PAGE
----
George F. Kennan: An American Life By John Lewis Gaddis (Penguin, 784 pp., $39.95) I. George F. Keenan, who was born in 1904 and died in 2005, and served under presidents from Calvin Coolidge to John F. Kennedy, left as deep an imprint on American geopolitics as any intellectual of the twentieth century. But the exact nature of his achievement continues to elude full or even coherent description. One reason is that most of his very long life was spent in comparative obscurity.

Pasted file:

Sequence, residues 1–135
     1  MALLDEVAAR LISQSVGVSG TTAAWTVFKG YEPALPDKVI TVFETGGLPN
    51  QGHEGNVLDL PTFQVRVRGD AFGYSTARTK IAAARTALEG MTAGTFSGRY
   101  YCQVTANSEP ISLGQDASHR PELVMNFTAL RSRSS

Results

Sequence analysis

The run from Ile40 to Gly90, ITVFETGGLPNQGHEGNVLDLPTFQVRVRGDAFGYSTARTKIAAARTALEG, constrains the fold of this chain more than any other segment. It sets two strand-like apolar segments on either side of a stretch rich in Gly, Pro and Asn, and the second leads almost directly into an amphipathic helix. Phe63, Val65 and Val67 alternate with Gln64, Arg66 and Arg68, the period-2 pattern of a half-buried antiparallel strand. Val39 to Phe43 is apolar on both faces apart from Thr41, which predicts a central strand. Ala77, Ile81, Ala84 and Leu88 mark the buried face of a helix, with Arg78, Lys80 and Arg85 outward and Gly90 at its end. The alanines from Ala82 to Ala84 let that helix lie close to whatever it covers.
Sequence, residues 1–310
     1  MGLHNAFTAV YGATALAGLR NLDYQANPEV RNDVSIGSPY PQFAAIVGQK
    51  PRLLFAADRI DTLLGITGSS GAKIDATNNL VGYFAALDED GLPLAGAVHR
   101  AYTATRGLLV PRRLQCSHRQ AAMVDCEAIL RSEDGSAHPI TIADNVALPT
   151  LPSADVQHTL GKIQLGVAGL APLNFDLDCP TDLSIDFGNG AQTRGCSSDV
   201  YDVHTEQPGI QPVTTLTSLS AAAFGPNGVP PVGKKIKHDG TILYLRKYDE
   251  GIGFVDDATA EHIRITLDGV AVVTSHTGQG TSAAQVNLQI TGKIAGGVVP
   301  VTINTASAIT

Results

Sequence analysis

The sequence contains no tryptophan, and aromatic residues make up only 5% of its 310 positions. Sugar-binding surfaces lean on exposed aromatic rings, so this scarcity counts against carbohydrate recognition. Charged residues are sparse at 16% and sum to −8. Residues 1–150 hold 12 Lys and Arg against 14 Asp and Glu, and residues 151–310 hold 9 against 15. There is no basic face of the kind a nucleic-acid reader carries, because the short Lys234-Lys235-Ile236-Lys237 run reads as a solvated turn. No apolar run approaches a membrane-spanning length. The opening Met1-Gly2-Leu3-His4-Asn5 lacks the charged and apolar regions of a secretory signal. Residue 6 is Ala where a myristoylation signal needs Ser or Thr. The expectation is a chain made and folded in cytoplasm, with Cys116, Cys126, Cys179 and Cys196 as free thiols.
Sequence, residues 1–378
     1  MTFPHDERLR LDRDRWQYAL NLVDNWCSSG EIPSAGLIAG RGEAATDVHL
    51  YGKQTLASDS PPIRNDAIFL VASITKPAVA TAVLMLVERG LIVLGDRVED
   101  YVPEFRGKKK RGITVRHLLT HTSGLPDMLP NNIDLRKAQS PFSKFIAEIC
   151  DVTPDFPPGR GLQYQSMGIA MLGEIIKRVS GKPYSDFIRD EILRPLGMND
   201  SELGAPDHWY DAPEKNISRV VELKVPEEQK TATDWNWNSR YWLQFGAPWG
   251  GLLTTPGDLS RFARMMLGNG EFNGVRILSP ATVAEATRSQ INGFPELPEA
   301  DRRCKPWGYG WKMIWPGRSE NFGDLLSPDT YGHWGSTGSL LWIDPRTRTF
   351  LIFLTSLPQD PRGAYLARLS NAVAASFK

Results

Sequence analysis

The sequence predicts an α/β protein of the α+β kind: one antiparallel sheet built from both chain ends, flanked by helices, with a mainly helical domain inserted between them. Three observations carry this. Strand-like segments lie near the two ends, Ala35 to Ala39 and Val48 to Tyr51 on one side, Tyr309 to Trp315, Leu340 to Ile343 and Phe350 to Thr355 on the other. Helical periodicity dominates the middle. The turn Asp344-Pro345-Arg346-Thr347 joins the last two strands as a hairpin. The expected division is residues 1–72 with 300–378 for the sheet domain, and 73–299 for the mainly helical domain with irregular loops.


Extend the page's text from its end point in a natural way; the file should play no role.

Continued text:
Nicholas Thompson tells us in today's Times that George Kennan's famous "X" article in Foreign Affairs was completely misunderstood. By everybody. Including, I suppose, President Truman. Kennan wanted "soft power" but we gave the Soviets hard power. Still, we did win the Cold War, didn't we? Thompson's interest in Kennan's opinions is to project them onto the world scene today. Poor Kennan, he's already dead two years; and, in the years before he died at 101, he wasn't exactly clear in his thinking.